A number of conventional passive wireless technologies have been utilized in commercial and industrial applications. For example, an LC resonator (tank) sensor has the potential of being utilized as a low cost sensor with a low interrogation cost, but provides a relatively poor sensor performance. An LC tank with regulated power, an associated ASIC and so forth has also been implemented, such a device may be good for multiple sensing applications, but such a configuration presents a high sensor cost and a large area coil.

PVDF acoustic wave sensors are also known and are based on low cost materials such as polymer along with flexible components thereof, but PVDF acoustic wave sensors are typically both piezo-electric and pyro-electric (i.e., highly temperature dependent), and cannot be exposed to temperatures greater than 120° C. Additionally the dimensions for a PVDF sensor are frequency dependent, such that the higher frequencies increase the associated costs to the sensor. Another example of a conventional sensor is the magneto elastic sensor, which is based on a low cost material, but such a sensor has difficulties in overcoming ambient RF effects, while also possessing long term stability issues associated with permanent magnetic materials, temperature variation and hysteresis problems.

A further example of a passive sensor is a quartz SAW sensor, which is generally accurate but results in a high sensor cost (i.e., material and etching) and trimming thereof lowers the Q value, and hence the performance of the device. Additionally the interrogation electronics (IE) for such a device can be expensive. A PZT SAW sensing device presents an alternative. The PZT material possesses a high coupling coefficient, which makes it possible working in low pressure range without an etched diaphragm. But it is difficult to control PZT chemistry (e.g., grain size, orientation, residual stress, control of nucleation at the at the electrode/PZT interface, Zr/Ti ratio control). PZT SAW sensor devices are also plagued with issues related to electrode materials migration, another drawback to the use of such a device.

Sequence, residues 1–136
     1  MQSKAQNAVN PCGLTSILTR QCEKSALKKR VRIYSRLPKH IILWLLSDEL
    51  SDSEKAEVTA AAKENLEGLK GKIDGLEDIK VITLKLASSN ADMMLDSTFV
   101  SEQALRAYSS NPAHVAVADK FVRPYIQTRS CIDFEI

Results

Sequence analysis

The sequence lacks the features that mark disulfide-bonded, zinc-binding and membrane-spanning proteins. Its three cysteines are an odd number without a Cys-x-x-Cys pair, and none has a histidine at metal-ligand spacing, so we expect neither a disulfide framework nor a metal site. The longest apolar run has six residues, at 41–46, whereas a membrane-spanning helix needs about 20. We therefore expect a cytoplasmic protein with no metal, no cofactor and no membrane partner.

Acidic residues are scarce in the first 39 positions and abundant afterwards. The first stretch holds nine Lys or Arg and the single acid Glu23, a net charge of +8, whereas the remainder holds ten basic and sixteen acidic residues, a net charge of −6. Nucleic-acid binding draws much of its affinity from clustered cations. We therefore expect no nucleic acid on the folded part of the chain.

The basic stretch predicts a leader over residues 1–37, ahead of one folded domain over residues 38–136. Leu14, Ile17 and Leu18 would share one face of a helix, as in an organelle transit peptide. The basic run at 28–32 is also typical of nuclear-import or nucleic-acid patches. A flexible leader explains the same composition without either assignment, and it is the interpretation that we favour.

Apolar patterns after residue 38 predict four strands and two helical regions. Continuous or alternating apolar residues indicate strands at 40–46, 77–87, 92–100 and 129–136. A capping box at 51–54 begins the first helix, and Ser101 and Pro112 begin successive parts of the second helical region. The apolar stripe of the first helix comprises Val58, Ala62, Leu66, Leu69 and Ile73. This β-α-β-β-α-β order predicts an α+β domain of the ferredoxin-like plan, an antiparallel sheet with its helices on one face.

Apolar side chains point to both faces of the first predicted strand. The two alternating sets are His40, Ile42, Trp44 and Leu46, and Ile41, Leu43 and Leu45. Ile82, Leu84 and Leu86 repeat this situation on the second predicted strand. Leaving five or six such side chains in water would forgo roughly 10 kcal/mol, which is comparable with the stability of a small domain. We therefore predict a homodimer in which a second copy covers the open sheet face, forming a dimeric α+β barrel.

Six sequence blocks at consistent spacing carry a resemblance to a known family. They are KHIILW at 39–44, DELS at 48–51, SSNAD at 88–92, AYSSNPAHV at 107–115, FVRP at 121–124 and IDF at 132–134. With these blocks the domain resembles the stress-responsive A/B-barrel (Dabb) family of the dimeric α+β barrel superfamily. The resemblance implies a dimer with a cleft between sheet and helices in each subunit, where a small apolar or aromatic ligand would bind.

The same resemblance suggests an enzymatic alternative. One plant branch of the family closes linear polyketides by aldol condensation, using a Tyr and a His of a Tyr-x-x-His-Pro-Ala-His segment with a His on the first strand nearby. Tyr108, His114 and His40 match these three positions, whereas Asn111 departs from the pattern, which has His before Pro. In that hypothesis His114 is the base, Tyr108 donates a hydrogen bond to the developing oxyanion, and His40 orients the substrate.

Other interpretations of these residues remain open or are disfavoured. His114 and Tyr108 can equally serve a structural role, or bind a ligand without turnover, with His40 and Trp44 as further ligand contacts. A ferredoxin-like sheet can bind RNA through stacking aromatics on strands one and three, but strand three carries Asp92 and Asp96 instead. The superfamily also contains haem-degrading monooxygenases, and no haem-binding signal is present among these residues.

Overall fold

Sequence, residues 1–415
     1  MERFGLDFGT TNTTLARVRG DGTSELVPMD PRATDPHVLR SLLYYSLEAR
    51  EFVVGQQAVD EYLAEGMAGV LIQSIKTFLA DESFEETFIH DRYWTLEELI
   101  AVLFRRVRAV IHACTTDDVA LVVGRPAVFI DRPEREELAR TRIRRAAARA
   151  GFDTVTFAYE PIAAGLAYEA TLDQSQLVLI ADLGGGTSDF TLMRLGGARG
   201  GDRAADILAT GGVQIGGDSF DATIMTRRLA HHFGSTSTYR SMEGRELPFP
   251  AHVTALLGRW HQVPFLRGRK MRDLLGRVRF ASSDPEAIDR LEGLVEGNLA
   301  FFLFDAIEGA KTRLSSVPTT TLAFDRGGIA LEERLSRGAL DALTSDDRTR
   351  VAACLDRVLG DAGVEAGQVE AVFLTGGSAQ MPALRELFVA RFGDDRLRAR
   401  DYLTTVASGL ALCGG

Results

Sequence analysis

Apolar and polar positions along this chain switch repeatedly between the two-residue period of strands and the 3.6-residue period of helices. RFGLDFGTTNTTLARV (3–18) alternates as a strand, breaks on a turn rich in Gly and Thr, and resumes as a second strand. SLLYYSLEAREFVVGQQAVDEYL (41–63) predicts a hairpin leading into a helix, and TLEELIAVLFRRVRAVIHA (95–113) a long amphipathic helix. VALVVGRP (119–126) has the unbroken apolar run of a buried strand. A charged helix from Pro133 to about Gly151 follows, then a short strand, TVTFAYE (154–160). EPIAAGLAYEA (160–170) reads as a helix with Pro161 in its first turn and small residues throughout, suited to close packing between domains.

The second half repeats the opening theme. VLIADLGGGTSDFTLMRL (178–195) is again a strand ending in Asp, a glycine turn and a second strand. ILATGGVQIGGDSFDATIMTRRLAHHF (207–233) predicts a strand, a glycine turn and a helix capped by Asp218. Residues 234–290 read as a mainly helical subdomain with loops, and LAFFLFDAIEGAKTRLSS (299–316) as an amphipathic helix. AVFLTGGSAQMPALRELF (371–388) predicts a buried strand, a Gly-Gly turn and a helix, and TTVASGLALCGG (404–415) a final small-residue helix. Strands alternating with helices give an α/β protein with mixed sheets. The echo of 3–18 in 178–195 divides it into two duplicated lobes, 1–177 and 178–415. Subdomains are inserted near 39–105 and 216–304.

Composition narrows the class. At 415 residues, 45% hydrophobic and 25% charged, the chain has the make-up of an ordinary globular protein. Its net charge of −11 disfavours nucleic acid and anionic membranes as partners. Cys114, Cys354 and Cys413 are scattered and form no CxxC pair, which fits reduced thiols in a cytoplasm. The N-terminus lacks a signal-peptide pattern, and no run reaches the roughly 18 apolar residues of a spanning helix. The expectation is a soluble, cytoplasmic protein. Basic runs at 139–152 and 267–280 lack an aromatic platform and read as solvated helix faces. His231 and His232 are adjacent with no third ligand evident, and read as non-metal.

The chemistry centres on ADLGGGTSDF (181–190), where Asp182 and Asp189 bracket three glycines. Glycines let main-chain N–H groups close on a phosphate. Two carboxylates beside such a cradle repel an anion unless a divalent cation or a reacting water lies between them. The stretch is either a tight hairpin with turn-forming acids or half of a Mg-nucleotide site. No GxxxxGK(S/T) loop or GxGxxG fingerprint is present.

A further example of a conventional sensor is the LiNbO3 SAW sensor, which also possesses high coupling coefficient/sensitivity. Such a sensor can be utilized in low pressure measurement without using a costly etching step. The LiNbO3 SAW sensor possesses a lower cost structure than the Quartz SAW sensor, but remains too high for cost-effective applications, particularly when considering its associated sensor packaging and interrogation electronics (IE) costs. Optical sensors represent additional types of conventional sensing applications and utilize optical fibers positioned in front of a flexible reflecting diaphragm. The intensity of the reflected light is related to the pressure induced deflections of the diaphragm. The relative position needs reference sensor, and therefore the alignment is difficult to control in sensing applications. Another drawback to optical sensors is that such devices are susceptible to environmental interference.